ery and material to bo used on canal
construction. Tho bids wero adver
tised for somo Mino ago, and will
cover the expenditure of approximate
During his threo months' stay In
Panama Mr. Wallace covered tbo en
tire canal trip, ten miles wide and
forty-seven long, at lenst twenty times
and his observations were thorough.
Ho says that at present there are
nbout 1.500 men In tho field of Pan
ama. Of this number about 500 are
In tho sanitary department under Col
onel Gcorgas, who Is assisted by Ma
jor Ross. Colonel Legarde and Major
Carter. There are now at work six
divisions of engineer corps, each In
charge of a resident engineer, who
reports to Mr. Wallace as chief engi
neer. There are subordinates In each
engineer corps, such as assistant
clerks and superintendents, and the
rest of the men at work In connection
with the canal are laborers.
The engineering and clerical de
partments nre almost entirely Ameri
canized and nearly every arriving
steamer brings fresh additions from
the United States. Most of the com
mon laborers, as well as a few of
the skilled laborers, are English
speaking negroes from Jamaica.
Mr. Wallace declares that the bad
name that Panama has had In the pop
ular mind is mostly due to the fact
that until lately tbo heterogenoui
! population has paid but little atten
tion to the ordinary laws of health.
i Ho says that most of the men who
now hold responsible positions In con
' nection with canal work nre sober.
industrious and ambitious and that
I many of them are college bred men.
They find health conditions In Pan
i nnia excellent and sickness among
i them bears but a small per cent to
i the t'.'tjl number of men now on the
The sanitary corps has paid special
attention toward stamping out malaria
and :el!ow fever. Of all the men at
( voik on the canal this summer, only
j two died of yellow fever nnd only
j one of those wns an employe of the
government. It has been learned that
ono kind of mosquito, which bites
only at nights, carries malaria fever,
whllo another kind, which bites only
In tho day time, carries yellow fever.
It has also been learned that It Is the
female only which bites, blood that
the creature sucks being not for food,
but for fecundation. It will take
about eight years to complete the
TO KEEP OUT FEDERATION MEN
OMAHA WINTS THE PENNANT
THE NEWS IN NEBRASKA.
FARM ACREAGE IN NEBRASKA.
THERE ARE NINE DEAD.
Japan's recent heavy orders for
American armor plato for now battlo
ships show that tbo mikado has not
allowed the excitement of the war
with Russia ta muddle his Judgment.
The Carnegie free library ut Alle
ghany has opened a room In which
men mny smoko whllo they read. It
is thodght In this way a good many
men can bo Induced to road whllo
A Paris nostheto has opened a
school to teach how to "sloop grace
fully," A largo number of Insomnia
sufforors will glvo it abundant sup
port If It will Instruct thorn how to
sleep any old way.
The daughtor of Anglicized Amer
ican millions. Miss Paulino Aster, will
Ko with a French troussoau to her
wedding with a British captain. Be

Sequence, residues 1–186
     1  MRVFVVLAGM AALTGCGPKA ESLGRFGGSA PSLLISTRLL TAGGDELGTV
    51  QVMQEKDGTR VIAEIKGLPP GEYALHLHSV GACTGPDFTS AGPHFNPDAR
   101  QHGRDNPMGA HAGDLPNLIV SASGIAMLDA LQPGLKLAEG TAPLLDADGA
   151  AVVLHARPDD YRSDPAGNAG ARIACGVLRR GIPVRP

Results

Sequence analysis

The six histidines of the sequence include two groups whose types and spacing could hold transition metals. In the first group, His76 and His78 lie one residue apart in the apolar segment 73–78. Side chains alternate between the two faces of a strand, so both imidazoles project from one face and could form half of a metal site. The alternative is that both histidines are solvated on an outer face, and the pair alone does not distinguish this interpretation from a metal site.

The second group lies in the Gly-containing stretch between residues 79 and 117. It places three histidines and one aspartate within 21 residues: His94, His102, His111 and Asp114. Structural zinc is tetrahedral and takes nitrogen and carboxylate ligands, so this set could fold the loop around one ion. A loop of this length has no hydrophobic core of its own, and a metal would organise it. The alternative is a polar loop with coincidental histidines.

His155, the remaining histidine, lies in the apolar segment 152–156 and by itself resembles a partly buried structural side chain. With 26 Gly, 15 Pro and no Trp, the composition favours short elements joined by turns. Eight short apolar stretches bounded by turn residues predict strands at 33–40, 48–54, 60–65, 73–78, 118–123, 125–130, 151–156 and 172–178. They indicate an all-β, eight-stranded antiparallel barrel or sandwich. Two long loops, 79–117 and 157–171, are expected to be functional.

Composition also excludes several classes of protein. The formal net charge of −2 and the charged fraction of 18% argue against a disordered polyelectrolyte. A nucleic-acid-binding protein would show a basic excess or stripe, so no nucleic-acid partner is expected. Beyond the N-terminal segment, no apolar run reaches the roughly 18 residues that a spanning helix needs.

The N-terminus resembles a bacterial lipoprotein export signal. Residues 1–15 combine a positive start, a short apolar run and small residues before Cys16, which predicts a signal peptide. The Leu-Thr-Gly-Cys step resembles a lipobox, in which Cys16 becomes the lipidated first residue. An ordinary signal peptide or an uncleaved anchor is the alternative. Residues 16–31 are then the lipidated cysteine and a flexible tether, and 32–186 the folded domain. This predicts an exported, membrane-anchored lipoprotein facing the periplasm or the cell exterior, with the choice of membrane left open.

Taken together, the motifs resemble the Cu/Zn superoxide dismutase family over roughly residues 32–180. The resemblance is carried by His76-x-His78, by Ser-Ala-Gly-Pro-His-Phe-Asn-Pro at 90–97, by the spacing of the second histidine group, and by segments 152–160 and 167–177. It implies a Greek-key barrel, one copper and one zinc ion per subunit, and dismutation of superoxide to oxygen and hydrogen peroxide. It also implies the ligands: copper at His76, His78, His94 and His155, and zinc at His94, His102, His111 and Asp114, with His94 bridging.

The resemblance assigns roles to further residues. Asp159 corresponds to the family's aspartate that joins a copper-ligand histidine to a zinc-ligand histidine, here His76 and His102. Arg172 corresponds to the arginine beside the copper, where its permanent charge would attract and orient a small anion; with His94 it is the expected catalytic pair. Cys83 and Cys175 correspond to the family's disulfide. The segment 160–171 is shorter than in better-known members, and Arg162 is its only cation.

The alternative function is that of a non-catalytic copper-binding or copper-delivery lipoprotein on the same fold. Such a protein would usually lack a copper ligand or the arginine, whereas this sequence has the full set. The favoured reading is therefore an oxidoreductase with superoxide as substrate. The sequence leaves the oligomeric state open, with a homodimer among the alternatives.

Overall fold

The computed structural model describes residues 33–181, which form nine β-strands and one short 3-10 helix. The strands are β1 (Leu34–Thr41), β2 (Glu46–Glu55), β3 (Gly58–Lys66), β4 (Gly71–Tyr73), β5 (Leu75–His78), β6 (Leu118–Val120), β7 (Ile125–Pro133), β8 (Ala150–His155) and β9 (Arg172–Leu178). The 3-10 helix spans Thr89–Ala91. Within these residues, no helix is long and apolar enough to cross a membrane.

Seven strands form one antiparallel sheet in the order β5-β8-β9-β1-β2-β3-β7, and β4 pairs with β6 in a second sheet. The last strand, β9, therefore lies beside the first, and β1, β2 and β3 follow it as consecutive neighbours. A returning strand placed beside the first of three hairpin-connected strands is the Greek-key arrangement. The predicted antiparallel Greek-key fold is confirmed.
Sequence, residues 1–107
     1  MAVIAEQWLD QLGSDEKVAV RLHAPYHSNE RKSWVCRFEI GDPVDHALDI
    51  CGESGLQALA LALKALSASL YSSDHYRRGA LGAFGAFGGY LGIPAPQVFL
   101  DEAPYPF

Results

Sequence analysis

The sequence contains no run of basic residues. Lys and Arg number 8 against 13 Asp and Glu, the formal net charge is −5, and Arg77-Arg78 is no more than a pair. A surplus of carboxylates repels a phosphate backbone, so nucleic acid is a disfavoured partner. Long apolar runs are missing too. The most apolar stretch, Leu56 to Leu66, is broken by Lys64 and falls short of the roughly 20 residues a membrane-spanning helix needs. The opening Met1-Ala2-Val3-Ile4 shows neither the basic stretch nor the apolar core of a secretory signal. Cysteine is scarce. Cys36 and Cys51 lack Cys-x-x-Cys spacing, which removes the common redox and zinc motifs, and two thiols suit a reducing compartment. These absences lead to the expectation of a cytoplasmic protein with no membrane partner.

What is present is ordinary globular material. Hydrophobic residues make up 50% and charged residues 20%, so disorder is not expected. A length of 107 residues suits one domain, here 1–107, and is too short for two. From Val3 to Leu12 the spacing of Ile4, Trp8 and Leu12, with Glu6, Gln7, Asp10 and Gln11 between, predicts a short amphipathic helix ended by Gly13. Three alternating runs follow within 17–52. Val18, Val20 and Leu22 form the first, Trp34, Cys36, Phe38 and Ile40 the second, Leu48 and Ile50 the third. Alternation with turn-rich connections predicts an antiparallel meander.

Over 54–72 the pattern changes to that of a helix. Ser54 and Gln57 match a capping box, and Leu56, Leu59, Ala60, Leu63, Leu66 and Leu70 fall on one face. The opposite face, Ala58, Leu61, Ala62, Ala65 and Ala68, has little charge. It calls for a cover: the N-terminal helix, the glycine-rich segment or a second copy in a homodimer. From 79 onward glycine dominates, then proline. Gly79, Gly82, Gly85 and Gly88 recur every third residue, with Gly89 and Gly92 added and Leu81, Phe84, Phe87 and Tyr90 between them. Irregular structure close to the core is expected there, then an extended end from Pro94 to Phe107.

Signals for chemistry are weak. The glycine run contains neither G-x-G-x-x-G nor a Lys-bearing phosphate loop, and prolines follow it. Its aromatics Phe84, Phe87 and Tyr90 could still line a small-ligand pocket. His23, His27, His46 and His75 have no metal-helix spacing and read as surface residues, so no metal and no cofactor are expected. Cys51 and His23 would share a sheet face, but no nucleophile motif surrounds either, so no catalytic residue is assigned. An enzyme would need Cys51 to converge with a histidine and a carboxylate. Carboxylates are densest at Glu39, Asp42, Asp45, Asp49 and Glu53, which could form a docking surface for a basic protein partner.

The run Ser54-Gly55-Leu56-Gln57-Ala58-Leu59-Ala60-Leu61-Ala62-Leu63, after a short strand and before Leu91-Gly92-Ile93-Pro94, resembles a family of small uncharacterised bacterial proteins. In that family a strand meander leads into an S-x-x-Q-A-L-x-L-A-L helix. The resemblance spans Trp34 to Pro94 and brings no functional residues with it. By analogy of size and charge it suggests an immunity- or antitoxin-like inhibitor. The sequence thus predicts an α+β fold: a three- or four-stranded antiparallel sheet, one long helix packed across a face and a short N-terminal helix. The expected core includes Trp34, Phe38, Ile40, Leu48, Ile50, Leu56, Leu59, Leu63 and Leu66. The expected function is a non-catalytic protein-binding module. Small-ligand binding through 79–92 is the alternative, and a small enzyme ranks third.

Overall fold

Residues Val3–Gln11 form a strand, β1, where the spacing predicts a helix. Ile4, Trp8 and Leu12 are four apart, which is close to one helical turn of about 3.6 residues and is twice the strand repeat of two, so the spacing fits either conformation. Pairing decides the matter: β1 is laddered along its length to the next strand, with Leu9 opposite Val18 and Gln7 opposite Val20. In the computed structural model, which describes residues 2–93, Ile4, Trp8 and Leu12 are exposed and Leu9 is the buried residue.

foro such u diversity of international
interests evon felicitation must ignore
Another man has tried to swim tbo
English channel. Ho did all but the
last two miles. Consldorlng how dif
ficult tboEO two miles have been
found by all who attempted the task,
U'b a wonder that somebody doesn't
Mvlm these first.
Electric Car Blown to Pieces by
MELROSE, Mass. An outward
bound electric car containing thirty
two persons was blown to pieces In
this city Wednesday night by strik
ing a fifty-pound box ot dynamite that
had fallen off an express wagon. Six
persons wero killed outright, threo
moro died ot their Injuries within an
hour, and nineteen others on the car
wero taken to tho two hospitals suf
fering from sovero injurlos. At least
a score of persons In the Immediate
vicinity of the explosion wero hurt by
flying glass nnd splinters.
So great was tho force ot tho ex
plosion that nil but tho ton feet of
the rear portion of tho .ear was blown
Into small pieces, while windows
within a radius of a quarter of a
mllo wero shattorod.
Jealous of American Shipping.
LONDON Tho London Morning
Post In a strong odltoral on tbo ship
ping question says thnt German energy
is conspicuous, but that there Is even
groater need to keep a watchful eye
on the shipping of the United States.
The paper suggests with withdrawal
of tho privilege ot recovering, a froe
dnm to pepntlato for reciprocal conces
sions and thinks a revival of some of
tho old navigation laws would be
easier now than If the step becomes
necessary In the face of greatly Jn
Pa Rourke's Rangers Are Champions '
of the Western League.
OMAHA Omaha has won the pen
nant of the Western league. This
proud achievement, accomplished by
a Gato City team for tho first timf
since 1S8!) was wrought by the most
remarkable spell of ball playing and
the finish was thrilling and spectacu
lar. The two games which Omaha
took from St. Joseph at tho Vinton
street grounds Sunday in tho pres
ence of 8,000 fans wero fast and bril
liant on the part of both teams a
splendid climax to the terrific gait
at which Pa Rourko's men have been
speeding during tho closing heat of
the season, when they have won
eighteen out or nineteen games, push